“You can do anything you put your mind to!”I guaran-damn-tee that the average medieval peasant, tied to one village on one estate with one parish church or monastery, was happier about his day-to-day life than many of us modern cubicle jockeys with our supposedly unlimited freedom to do whatever we want with our life. The truth is we're not free to be whatever we want to be. By definition, half of us are going to be below average whether the standard is IQ, income, achievements, physical attractiveness, and number of toys we accumulate. By definition, only a minority will have extraordinary lives which necessarily means the rest of us will have ordinary lives. Que lastima!
“The sky’s the limit!”
“You’re the best!”
“Follow your dreams!”
Did you hear these kinds of things growing up? Your parents sure meant well. They really felt like you were the most special creature to arrive on planet earth – a beautiful boy full of limitless possibilities. You could do anything in the world!
But now that that boy is grown up and in his twenties, you might find that such encouragement has become more paralyzing than motivating. If your possibilities really are endless, how will you ever decide which path to take and what to do with your life?
Meg Jay is a clinical psychologist who specializes in counseling young patients who are struggling with navigating their twenties. One of the case studies she talks about in her fantastic book, The Defining Decade (we have and will be referencing it a lot here on the blog – it’s really a must-read), focuses on “Ian,” who can’t decide what to do with his life. Should he pursue something in graphic design, go to law school (which would please his parents), learn Arabic and do some kind of foreign service work, or maybe postpone the decision altogether with a trip through Asia? He feels like he’s drowning in a vast ocean of choices and doesn’t have any idea which direction to head. Jay writes:
“He couldn’t see land in any direction, so he didn’t know which way to go. He felt overwhelmed by the prospect that he could swim anywhere or do anything. He was equally paralyzed by the fact that he didn’t know which of the anythings would work out. Tired and hopeless at age twenty-five, he said he was treading water to stay alive.”
The feeling of limitless possibilities, coupled with the barrage of “lifestyle design” rhetoric that is so popular these days, can blind you to the fact that life is still built out of the same, relatively few components that it always has been. Your future may seem vast and featureless at times, but it will be constructed – no matter how extraordinary you want it to be — with the same common “parts” that everyone uses.As Catholics, one of our most important acts of discernment is determining whether we are called to marriage or chaste celibacy in the priesthood or religious life. If you choose marriage, then the specific woman or man you marry is a matter of human prudence. The real question for us lay slobs is what sort of career we want.
Jay used the metaphor of a custom bicycle to finally get through to Ian. Ian worked at a bike shop and rode a custom model for transportation. He had put the bike together from various custom parts he had handpicked. But those parts were simply specialized versions of ones all bicycles include – frame, wheels, seat, gears, and so on.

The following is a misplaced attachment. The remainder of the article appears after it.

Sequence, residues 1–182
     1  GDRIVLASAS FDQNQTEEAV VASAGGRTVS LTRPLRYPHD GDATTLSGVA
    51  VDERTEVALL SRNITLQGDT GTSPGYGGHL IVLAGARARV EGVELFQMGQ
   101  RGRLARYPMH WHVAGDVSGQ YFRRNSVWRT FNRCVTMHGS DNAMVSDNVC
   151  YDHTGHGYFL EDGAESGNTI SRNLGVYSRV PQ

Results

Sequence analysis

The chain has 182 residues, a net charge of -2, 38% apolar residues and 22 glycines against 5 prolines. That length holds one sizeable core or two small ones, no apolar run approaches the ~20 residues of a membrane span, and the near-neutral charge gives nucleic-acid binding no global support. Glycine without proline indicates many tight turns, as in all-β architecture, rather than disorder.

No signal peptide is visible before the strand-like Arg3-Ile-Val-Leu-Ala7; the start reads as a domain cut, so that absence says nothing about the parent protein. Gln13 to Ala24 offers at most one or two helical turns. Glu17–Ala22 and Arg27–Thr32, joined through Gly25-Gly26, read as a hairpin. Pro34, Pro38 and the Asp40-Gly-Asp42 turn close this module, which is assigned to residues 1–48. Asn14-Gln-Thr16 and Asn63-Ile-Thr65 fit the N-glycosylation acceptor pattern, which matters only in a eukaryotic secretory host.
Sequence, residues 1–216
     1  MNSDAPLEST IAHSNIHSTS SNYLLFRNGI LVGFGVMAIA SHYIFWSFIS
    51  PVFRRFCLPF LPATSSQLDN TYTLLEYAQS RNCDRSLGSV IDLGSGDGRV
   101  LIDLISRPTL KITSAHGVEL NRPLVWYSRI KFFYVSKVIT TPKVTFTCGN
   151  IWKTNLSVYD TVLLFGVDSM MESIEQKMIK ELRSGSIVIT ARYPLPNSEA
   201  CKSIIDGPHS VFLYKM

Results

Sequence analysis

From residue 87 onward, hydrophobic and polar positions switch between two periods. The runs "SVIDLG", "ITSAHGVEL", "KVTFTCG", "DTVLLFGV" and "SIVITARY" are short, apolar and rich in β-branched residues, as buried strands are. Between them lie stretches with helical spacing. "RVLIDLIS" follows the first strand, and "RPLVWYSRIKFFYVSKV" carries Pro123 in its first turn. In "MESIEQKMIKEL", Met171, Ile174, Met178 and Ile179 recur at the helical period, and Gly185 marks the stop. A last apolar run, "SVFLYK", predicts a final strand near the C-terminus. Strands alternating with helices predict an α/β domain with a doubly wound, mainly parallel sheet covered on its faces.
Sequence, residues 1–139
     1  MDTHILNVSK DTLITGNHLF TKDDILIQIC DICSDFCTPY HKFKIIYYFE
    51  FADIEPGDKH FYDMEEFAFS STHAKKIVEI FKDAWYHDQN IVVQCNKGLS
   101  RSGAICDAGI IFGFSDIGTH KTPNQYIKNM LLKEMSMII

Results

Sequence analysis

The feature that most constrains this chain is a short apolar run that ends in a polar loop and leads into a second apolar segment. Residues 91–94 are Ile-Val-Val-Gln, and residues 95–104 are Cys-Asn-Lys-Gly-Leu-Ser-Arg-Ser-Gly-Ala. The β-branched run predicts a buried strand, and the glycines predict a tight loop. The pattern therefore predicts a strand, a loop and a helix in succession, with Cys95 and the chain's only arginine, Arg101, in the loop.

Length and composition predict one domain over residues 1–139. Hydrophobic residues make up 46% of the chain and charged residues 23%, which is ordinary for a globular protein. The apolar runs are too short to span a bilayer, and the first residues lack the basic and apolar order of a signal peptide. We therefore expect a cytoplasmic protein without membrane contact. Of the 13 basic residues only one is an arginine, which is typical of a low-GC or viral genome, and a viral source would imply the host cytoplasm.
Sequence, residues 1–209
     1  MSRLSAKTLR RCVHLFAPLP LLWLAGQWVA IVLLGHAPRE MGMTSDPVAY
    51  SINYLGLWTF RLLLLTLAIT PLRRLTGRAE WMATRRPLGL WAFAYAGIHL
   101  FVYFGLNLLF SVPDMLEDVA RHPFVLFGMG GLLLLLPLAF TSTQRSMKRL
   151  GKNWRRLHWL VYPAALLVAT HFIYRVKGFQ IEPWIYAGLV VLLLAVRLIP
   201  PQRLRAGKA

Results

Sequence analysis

Our lives are like that custom bike. We can all choose the parts that suit us best – and you may go out of your way to select unique, non-mass-produced versions — but they will come from the same main categories everyone else selects from. In building your life you basically have the following categories to work with: relationships, children, vocation, and travel/hobbies. So we can already narrow down our “limitless” possibilities into four divisions. How you arrange and how much you invest in each “part” is up to you.
First, you’re not a blank slate; you’ve had more than two decades of experiences that have shaped you into the man you are today. All these years have strengthened some talents and abilities and weakened others, developed your values and beliefs, and honed some very distinct interests. Put these things together, and what you find is that as opposed to there being endless possibilities, most people are really drawn to, and have the aptitude for, no more than half a dozen vocational paths. Six is far more manageable than infinity. And of the handful of possibilities that really suit your talents, abilities, values, and interests, there’s probably one that calls to you the most, that nags at you the most often – even if questions and doubts about how you’re going to get there make you sometimes push it aside.Many Christians become determinists when it comes to their vocation. If we sit around and wait for God's voice to come booming forth from the heavens to tell us what we're supposed to do with our lives then it takes a lot of pressure off. Except it doesn't, not really. Even if we knew with absolute certainty what God wanted us to do with our lives - and how many ever have that certainty? - we are still free to say no to him. God gives each of us gifts, talents, and inclinations. We can use them to serve him or serve Mammon. We can obey the commandments of Christ or give in to the temptations of the Devil.
A good metaphor I once heard was that the Holy Spirit is the wind in our sails. As captain of our own ship we have to set the course and steer the boat, but it's the Holy Spirit that enables us to move forward. Choosing not to choose is still a choice. Since choosing is inescapable, you may as well choose the good, the true, and the beautiful.